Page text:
The 2019 federal budget being a largely a caretaker budget meaning that it lacks some of the more cynical pre-electoral giveaways that sometimes characterize election-year budgets. But make no mistake, there are important technology-related commitments in budget 2019 that are worth our attention. One of the most interesting is the continued commitment to rural and remote internet connectivity. Previous budgets have outlined new spending geared towards the improvement of rural and remote connectivity, but budget 2019 stakes out a significant long-term commitment for 95% of Canadians to have access to high speed internet (50/10) by 2026, and for 100% of Canadians to have this level of access by 2030. This is an expansion upon pre-existing spending commitments regarding internet access which, by the government’s own estimates, would bring high-speed internet access to 90% of Canadians by 2021.
The comprehensive package encapsulated in budget 2019 will include targeted investments both in hard ground infrastructure through the new Connect to Innovate fund and increased investments in low earth satellite capacity through the Universal Broadband Fund. All told, the current plan outlined in Budget 2019 (some of which admittedly includes previous funding allocations) will see a total of between $5 and $6 billion to be spent on improving rural and remote broadband access in Canada over the next 10 years. It is not just the public purse that will be putting its shoulder to the wheel; the private sector is expected to do its part as well and is being nudged to help accomplish these public policy objectives through the Canadian Infrastructure Bank, which is expected to leverage $2 billion in private internet infrastructure investment.
Improving internet access in rural and remote communities is a laudable objective and one which should be reasonably expected to come with continued political support, come hell, high water, or a change in government this October. It is hard to believe that just over an hour and a half’s drive from Parliament Hill, there are struggling rural communities that have difficulty making headway in the 21st century economy as they continue to lack high speed internet access. It was a humbling experience for me earlier this year to drive through communities just north of Toronto’s cottage country hinterland, where the lack of any internet access (including even mobile phone hotspots) was so common as to be both a regular punchline and a point of local identity. This is just in the relatively well-connected Southern Ontario. There is no shortage of far flung communities that spot Canada’s enormous landmass which still lack internet access altogether.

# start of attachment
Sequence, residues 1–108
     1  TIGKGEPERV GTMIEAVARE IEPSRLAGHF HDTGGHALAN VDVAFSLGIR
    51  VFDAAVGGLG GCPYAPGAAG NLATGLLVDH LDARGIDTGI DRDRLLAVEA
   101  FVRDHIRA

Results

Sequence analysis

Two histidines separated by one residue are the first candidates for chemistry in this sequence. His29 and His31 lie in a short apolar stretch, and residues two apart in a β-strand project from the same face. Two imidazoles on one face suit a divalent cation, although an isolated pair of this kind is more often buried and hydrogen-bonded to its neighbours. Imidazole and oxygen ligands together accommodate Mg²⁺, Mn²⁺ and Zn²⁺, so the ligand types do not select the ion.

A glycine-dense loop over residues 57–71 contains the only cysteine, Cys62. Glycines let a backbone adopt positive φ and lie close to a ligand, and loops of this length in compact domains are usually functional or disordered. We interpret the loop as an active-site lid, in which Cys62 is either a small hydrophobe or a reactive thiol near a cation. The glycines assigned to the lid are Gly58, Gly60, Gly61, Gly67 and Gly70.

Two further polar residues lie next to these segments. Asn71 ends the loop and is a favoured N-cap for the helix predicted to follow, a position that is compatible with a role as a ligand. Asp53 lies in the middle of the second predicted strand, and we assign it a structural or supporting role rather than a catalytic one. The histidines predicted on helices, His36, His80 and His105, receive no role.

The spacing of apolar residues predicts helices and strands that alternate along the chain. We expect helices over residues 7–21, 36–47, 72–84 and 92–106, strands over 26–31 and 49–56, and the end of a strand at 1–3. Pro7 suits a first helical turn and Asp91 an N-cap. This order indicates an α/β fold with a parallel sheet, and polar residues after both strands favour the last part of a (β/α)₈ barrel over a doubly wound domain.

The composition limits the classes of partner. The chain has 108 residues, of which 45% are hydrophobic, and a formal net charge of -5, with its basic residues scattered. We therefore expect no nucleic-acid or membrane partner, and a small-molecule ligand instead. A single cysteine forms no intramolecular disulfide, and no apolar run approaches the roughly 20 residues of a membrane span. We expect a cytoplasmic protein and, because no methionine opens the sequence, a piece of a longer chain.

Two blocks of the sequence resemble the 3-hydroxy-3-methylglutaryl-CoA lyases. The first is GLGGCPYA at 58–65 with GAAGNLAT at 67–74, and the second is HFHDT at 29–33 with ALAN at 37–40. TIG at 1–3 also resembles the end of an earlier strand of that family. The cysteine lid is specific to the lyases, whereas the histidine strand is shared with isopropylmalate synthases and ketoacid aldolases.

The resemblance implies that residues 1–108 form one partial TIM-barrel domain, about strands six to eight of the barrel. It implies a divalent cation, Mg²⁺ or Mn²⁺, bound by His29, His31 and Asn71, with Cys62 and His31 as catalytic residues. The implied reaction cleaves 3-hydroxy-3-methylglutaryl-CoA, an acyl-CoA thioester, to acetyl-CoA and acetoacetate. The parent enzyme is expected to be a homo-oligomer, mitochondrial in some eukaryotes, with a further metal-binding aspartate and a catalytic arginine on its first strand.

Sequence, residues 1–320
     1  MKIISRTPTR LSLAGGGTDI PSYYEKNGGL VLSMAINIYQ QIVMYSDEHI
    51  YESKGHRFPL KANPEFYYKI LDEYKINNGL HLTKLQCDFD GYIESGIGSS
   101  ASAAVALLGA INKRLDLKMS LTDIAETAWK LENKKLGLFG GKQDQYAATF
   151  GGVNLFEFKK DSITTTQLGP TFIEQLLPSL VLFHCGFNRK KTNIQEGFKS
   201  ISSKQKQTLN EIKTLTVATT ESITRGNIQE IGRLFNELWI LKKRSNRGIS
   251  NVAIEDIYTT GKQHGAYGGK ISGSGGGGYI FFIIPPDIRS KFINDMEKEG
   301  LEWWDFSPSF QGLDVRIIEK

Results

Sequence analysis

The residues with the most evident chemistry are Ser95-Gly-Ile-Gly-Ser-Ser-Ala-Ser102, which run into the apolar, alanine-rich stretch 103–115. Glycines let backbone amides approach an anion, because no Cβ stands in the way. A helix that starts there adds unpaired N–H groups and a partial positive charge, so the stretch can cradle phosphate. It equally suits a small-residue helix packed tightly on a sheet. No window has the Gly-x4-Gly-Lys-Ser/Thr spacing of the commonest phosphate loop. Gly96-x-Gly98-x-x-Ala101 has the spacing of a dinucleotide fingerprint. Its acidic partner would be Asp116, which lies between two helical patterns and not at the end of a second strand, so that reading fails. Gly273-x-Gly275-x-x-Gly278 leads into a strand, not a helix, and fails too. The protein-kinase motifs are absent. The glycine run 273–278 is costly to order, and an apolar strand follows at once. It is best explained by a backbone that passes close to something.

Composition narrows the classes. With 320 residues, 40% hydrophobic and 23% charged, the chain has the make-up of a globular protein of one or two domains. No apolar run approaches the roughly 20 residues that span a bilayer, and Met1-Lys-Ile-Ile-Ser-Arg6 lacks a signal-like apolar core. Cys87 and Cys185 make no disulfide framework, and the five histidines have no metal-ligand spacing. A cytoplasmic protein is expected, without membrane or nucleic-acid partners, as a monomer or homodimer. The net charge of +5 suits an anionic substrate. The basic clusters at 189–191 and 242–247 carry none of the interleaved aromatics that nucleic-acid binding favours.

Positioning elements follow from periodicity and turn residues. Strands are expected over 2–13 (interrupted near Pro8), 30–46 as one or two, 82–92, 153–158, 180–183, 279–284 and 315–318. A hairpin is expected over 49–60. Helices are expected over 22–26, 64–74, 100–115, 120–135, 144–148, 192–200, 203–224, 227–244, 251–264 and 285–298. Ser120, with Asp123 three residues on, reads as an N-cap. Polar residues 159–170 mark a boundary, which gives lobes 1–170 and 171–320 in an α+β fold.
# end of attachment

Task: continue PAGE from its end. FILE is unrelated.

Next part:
Make no mistake that we live in an era where reliable high-speed internet access is increasingly a fundamental prerequisite to our ability to fully participate in society, to the point where some debate whether or not broadband connectivity needs to be viewed as a human right. The tech-savvy catch-phrases of 2019 like “data is the new oil” and “the future of government will be digital” understandably lack a certain shine when your community is literally not connected to the digital age. Furthermore, when so many of the high-value innovations of today’s society depend on internet connectivity, lack of internet access comes with a concern about the growing exclusiveness of innovation writ-large. Not only will up-and-coming tech companies decide against locating in Grand-Remous, or Cambridge Bay, the innovations they produce are likely to be designed and rolled-out without these places in mind. If internet access is lacking, so is data, and so the business case for including these areas in other pillars of the 21st century economy and society also start to look less attractive.
The biggest question is whether the internet infrastructure investments outlined in Budget 2019 are too little, too late. Aside from the more obvious questions of how many of these rural and remote communities will continue to survive and thrive in the next 7 to 11 years while infrastructure construction is being undertaken (barring the very real possibility of unscheduled delays adding to the wait time) it’s worth pondering whether 50/10 internet speeds will be sufficient when they do eventually arrive. I’ll never forget receiving a $200 USB key for Christmas years ago that had the conceptually unlimited storage capability for the time of 2GBs. As the digital revolution continues to gain speed with no end insight, rest assured that we continue to produce and consume data at an exponential rate and our needs for connectivity will increase to match. How long will it be before 50/10 seems as hokey, quaint, and bordering on useless at a 2GB USB key? My bet is that it won’t be long.